The Black-faced Spoonbill
) has the most restricted distribution of all spoonbills, and it is the only one currently regarded as endangered. Confined to the coastal areas of eastern Asia
, it seems that it was once common throughout its area of distribution. Currently, it has a niche existence on only a few small rocky islands off the west coast of North Korea
, with three wintering sites at Hong Kong
, as well as other places where they have been observed in migration.
The global population of this species, based on the winter population count carried out in 1988-1990 in all known sites, was estimated at 288 individuals. As of 2006, thanks to conservation efforts over the years, the estimated global population had increased to 1,679 ; the 2008 census resulted in an estimated total count of 2,065 individuals ; and a 2010 census reported 2,346 . The niche population of North Korea does not exceed 30 birds, which implies that there must be another colony which has not been discovered yet, and which is perhaps located in northeast China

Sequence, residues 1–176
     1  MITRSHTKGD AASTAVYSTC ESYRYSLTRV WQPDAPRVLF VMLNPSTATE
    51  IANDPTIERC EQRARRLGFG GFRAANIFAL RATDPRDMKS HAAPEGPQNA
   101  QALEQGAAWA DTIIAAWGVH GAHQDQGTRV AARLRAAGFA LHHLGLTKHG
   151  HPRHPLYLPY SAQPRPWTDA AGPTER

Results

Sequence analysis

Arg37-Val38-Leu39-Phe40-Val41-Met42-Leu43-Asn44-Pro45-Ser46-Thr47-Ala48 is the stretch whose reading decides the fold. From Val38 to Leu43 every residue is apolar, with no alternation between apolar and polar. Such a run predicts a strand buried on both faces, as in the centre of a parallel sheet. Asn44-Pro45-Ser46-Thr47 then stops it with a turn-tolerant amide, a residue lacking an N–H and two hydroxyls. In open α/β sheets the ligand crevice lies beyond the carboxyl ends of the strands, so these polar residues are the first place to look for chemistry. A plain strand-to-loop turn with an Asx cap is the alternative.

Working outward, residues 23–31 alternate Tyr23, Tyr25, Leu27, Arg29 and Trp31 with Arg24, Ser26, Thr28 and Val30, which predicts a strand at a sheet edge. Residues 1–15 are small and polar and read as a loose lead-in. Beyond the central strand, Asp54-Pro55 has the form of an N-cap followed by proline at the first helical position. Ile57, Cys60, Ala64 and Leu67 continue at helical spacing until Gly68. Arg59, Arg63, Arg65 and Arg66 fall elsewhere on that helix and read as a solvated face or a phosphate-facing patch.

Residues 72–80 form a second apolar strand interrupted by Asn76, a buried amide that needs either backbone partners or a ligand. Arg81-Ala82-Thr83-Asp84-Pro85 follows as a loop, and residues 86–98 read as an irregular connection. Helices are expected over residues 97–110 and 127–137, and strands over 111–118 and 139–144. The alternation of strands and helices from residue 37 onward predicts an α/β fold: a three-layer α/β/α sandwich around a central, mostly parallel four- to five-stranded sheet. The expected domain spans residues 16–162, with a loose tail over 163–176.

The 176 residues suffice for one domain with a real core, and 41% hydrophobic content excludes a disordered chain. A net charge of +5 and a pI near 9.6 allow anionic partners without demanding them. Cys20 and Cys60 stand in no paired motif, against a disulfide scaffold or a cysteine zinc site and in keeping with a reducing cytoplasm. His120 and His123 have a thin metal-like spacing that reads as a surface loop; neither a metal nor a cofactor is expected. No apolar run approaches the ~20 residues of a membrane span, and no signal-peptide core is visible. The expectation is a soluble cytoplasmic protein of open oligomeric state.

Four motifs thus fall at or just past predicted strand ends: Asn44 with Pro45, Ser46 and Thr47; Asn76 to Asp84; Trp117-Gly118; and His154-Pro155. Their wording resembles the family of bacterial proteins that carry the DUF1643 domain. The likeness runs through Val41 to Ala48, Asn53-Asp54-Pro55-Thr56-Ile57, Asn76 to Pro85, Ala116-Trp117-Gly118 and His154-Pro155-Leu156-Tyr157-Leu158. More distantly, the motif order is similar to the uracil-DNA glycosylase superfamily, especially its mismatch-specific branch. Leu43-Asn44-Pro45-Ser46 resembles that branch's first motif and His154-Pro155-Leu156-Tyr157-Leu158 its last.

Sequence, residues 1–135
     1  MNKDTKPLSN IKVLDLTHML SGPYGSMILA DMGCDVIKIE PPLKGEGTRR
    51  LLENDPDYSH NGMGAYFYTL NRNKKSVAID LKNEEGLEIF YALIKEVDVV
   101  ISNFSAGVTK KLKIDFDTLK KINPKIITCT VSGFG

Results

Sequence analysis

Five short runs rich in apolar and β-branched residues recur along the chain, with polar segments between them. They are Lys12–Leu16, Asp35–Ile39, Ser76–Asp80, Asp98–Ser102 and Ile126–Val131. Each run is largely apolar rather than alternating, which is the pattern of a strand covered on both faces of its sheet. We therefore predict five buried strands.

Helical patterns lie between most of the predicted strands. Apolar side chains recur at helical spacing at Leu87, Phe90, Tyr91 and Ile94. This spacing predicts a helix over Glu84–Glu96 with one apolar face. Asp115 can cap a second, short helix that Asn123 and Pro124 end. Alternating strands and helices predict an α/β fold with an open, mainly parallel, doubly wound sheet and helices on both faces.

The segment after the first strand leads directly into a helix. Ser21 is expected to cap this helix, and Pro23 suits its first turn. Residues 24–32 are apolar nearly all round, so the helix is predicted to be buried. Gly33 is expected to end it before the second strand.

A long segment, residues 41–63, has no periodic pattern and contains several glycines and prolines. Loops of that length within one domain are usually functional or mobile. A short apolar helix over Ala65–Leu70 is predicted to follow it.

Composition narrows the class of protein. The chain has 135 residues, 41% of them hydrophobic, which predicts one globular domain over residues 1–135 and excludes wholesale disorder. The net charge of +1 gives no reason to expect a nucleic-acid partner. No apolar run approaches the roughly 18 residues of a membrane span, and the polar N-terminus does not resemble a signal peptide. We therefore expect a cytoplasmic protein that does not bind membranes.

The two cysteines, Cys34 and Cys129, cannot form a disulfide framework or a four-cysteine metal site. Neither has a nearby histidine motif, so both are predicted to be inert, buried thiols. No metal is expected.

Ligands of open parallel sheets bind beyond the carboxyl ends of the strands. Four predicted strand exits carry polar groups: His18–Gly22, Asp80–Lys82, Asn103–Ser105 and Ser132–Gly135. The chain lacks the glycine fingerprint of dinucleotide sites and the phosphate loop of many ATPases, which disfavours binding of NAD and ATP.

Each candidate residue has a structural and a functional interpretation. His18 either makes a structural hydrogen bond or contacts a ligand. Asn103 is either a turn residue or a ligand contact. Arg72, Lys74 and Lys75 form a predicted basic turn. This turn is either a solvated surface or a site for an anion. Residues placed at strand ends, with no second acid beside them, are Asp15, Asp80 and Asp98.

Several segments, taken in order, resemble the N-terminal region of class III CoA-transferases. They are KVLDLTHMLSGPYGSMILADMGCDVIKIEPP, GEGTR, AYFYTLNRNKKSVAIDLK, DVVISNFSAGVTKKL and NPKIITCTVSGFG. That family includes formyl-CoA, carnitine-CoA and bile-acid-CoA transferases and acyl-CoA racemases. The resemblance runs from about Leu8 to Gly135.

; for example, on the islands of Liaoning (near the Korean nesting zone).
It is thought that the principal cause of the decline of this species is the destruction of its habitat, more particularly the "valorization" of intertidal mudholes for agriculture, and more recently aquiculture
and industrialization. The Korean War (1950–1953) must also have had a negative impact on the... Read More